What Planning My Straight Wedding Showed Me About LGBT Discrimination

What Planning My Straight Wedding Showed Me About LGBT Discrimination

After interacting with the people religious liberty laws aim to protect, I realized that we need a deeper commitment to protecting wedding artists.
Anna Anderson

We met our wedding photographer at our neighborhood coffee shop on a busy Sunday morning in January.

“What brings you all the way out to D.C.?” I asked her.

“I came into town for the Women’s March on Washington!”

My face struggled for a second trying to keep my eyes from rolling up to the ceiling. I had spent the previous day inside, hiding from the temptation to confront every pink p-ssy-hatted woman who passed me on the street. My fiancé and I had titled our engagement announcement Make Marriage Great Again, so I thought it might be best to keep my mouth shut.

“That’s cool,” I finally offered.

As we talked, however, I saw how passionate she was for the art of photography and for telling the story of our budding relationship. She would, after all, be responsible for creating the most important physical link between our future and that single day when we committed our lives to each other forever and ever, amen. So we put down a deposit.

Artistry Is Far More Personal Than Delivering Goods

We cut checks for many things for our wedding: the reception hall, the limo, flowers, food, and, of course, the booze. But as important as booze is to a big German-Italian wedding, there was a noticeable difference between calling up the local liquor store for a flatbed delivery of the good stuff and the meetings we had with the photographer, the cake baker, the reception hall owner, and my aunt, the florist, who has the most vibrant green thumb you ever saw.

Debate over laws such as the Religious Freedom Restoration Act (RFRA) and the First Amendment Defense Act (FADA) is often reduced to a battle of rhetoric: is refusing to actively participate in or offer certain services to a wedding ceremony for LGBT persons an exercise of religious conviction, or is it merely a license to discriminate against them?

This is the central question of a case the Supreme Court has just taken up, involving a Christian baker in Colorado and a same-sex couple who requested a custom cake to celebrate their wedding.

I’ll lay my cards on the table. I do believe we need a balancing test between a citizen’s religious concerns and the sometimes conflicting interests of the state, and I’m open to arguments that proposed policies could be tweaked to create a truer test. I have always supported these policies intellectually. After interacting with the kinds of people they’re meant to protect, however, I realized that we need a deeper commitment to protecting the artists that photographers, bakers, and florists are.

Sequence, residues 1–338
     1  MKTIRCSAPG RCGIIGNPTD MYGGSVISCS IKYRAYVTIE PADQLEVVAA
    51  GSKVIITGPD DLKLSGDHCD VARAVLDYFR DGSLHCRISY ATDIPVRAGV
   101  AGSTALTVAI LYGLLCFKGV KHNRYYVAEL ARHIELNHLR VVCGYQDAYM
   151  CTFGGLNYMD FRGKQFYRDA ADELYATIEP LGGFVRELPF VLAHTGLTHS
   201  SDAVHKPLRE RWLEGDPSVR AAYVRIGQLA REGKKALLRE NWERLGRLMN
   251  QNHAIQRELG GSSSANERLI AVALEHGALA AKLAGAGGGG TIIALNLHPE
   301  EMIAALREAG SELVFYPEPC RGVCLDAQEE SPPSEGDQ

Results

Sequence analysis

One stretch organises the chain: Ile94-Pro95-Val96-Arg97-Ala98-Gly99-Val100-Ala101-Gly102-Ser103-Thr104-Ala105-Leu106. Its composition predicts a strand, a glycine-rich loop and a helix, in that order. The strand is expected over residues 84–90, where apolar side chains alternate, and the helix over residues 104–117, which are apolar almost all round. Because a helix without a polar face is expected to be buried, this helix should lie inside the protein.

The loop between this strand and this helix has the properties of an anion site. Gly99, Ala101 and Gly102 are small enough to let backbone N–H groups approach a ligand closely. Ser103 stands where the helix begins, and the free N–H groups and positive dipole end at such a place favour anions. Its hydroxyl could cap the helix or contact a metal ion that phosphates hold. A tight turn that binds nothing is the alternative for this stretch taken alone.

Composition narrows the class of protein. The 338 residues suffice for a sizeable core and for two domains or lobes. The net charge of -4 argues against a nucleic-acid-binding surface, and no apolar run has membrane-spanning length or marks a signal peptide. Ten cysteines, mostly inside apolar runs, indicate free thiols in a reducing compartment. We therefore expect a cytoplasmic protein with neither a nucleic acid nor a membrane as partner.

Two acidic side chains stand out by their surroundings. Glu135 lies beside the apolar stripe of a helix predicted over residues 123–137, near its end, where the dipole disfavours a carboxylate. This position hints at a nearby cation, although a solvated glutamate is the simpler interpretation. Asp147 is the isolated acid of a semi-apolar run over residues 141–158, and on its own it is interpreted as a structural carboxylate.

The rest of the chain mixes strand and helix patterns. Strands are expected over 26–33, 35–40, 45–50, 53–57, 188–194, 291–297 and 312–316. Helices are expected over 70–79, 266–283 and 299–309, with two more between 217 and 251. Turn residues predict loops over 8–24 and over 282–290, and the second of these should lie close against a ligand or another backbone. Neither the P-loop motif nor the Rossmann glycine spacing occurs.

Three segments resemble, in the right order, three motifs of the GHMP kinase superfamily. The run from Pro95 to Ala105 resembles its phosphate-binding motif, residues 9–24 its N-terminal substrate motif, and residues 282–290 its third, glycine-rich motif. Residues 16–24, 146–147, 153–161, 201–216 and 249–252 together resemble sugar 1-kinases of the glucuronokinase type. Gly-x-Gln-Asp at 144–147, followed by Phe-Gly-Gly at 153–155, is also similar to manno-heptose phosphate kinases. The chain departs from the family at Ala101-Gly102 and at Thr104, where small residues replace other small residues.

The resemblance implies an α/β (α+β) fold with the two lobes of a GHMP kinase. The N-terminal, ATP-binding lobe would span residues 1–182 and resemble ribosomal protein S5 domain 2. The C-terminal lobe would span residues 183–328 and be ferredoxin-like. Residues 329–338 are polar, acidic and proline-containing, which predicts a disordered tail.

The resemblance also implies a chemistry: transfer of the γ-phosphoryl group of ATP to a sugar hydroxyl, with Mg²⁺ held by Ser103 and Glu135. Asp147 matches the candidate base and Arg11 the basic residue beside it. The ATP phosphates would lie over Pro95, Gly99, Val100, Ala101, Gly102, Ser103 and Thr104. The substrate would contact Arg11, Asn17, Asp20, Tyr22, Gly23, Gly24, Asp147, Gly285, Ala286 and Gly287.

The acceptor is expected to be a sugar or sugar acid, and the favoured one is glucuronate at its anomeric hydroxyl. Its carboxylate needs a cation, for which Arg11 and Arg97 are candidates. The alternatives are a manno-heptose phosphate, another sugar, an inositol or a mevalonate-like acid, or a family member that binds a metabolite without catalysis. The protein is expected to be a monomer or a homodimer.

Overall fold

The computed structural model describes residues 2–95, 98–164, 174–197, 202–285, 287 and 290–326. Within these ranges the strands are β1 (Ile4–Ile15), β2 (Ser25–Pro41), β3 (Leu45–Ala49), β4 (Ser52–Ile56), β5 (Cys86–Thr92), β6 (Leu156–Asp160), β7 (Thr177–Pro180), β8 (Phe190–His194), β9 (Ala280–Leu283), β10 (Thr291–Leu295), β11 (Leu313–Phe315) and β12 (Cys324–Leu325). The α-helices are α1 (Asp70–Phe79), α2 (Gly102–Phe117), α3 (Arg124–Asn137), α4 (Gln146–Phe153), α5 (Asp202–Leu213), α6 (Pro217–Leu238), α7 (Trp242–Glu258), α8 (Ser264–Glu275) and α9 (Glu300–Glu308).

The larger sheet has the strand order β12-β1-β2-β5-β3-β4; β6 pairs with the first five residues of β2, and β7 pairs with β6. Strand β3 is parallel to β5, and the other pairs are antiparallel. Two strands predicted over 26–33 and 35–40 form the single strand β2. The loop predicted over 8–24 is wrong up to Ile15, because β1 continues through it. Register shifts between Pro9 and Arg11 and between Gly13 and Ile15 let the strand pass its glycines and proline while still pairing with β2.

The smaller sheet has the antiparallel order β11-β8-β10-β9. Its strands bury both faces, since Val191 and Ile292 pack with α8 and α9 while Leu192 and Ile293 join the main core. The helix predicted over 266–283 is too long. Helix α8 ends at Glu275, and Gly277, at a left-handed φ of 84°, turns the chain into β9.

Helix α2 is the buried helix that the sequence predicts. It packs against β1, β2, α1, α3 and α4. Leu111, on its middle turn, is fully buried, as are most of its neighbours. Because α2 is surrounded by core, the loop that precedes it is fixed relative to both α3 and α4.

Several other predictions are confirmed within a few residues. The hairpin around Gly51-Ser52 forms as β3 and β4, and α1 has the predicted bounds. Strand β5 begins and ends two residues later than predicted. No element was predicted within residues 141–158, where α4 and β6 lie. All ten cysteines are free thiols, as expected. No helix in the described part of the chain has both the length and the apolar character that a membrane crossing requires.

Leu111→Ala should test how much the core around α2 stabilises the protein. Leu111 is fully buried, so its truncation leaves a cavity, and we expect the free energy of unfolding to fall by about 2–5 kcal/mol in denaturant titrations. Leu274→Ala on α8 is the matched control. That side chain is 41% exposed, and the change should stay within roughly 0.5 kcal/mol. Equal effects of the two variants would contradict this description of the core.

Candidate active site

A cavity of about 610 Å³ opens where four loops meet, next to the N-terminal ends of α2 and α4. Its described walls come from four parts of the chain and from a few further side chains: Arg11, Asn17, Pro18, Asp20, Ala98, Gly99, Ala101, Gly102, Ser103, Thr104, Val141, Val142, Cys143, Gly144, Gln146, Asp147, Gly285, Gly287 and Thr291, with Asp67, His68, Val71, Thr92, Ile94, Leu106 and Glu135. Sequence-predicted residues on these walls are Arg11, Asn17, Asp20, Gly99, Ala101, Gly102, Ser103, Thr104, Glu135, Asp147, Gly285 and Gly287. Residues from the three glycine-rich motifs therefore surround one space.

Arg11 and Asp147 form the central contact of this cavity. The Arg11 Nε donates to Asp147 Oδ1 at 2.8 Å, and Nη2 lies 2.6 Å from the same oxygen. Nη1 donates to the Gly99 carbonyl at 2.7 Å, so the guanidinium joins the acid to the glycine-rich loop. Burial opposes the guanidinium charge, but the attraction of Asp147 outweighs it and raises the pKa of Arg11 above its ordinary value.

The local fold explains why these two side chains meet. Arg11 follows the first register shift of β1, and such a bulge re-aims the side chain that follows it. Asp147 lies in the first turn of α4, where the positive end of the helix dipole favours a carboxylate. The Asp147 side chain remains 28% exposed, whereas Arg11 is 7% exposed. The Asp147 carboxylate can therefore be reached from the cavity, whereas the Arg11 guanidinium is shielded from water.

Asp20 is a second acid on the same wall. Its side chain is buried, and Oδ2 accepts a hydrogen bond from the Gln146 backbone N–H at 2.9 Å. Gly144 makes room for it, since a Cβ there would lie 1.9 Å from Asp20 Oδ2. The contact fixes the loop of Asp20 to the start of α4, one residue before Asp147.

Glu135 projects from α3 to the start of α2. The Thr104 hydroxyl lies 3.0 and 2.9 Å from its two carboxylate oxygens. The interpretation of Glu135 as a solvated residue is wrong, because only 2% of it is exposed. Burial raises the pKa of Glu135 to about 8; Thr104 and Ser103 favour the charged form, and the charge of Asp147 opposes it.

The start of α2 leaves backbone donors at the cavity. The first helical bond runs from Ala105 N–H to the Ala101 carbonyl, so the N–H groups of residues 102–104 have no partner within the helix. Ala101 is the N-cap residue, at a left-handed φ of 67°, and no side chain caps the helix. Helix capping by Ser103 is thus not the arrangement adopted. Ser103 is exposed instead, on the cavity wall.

Let’s All Step Outside Ourselves and Have Compassion

What planning my own wedding showed me is how hard it is to imagine anyone else’s concerns but my own. This is a sign that the freedom allowing us to be a truly liberal society — the freedom to disagree — is eroding faster than you can say “bigot.”

I will never know what it would be like to look through my photographer’s portfolio, to fall in love with her use of light and shadow and perspective, only to be told that I would have to find someone else. I hope I can have compassion for those who do experience this.

At the same time, I ask those who call religious freedom a “license to discriminate” to imagine the difference between purchasing alcohol and compensating another person for using her artistic, transcendent, and uniquely human creativity to help celebrate a marriage.

There were so many times throughout wedding planning that I simply deferred to my photographer, florist, baker, and reception host because I didn’t want to inhibit the artistry that seemed to just flow from their skilled hands and fertile minds. Interacting with them was a highly personal matter, much more so than the simple exchange of goods.

Art Comes From the Soul, and Should Never Be Compelled

We all need to bring more imagination to the public square because it is not access to these things — cake, flowers, pictures — that is up for debate, but the incredible capacities that we have as human beings, and the freedom that allows us to develop our talents in accord with our morality. To sue these artists out of business, frankly, is political censorship of art, and we should be terrified that this happens in America.

I’m sure I disagree politically with my photographer. Maybe she doesn’t see any problem with gay marriage. That’s the norm for my generation now, and supporting gay weddings has been integrated into most of my peers’ moral code. I know photographers who are deliberately making an effort to photograph more gay weddings, and they should have the freedom to do that. But either way, I don’t want my heady opinions — aesthetic or political — disrupting how my photographer practices her art.

There really are photographers, bakers, and florists who value marriage between a man and a woman as a human participation in divine creativity. Just as our photographer took a special interest in our relationship at least in a humanist way, other artists participate in weddings in a religious way, using their creative talents to help couples fulfill a piece of God’s plan. What has our society become if we will not let them do that?

Anna Anderson is a graduate of Hillsdale College and director of religious freedom at American Principles Project, a conservative think tank dedicated to advancing human dignity through public policy.

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